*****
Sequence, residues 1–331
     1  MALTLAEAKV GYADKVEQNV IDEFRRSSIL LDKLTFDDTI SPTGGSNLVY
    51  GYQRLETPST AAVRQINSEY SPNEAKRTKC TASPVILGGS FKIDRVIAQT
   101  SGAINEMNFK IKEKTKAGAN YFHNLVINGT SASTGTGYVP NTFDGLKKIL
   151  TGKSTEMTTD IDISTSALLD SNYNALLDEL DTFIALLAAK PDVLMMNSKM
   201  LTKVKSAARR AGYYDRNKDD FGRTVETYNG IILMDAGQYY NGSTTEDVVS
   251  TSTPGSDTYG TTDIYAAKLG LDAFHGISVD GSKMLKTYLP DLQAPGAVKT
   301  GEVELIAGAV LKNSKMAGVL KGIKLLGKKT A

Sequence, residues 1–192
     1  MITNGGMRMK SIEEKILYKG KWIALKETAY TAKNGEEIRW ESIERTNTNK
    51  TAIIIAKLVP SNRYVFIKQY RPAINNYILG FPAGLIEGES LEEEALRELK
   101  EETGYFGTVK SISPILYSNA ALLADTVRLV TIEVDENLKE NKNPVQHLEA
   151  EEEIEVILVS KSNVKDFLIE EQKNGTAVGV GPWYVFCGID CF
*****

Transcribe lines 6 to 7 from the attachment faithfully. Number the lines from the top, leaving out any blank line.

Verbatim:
   201  LTKVKSAARR AGYYDRNKDD FGRTVETYNG IILMDAGQYY NGSTTEDVVS
   251  TSTPGSDTYG TTDIYAAKLG LDAFHGISVD GSKMLKTYLP DLQAPGAVKT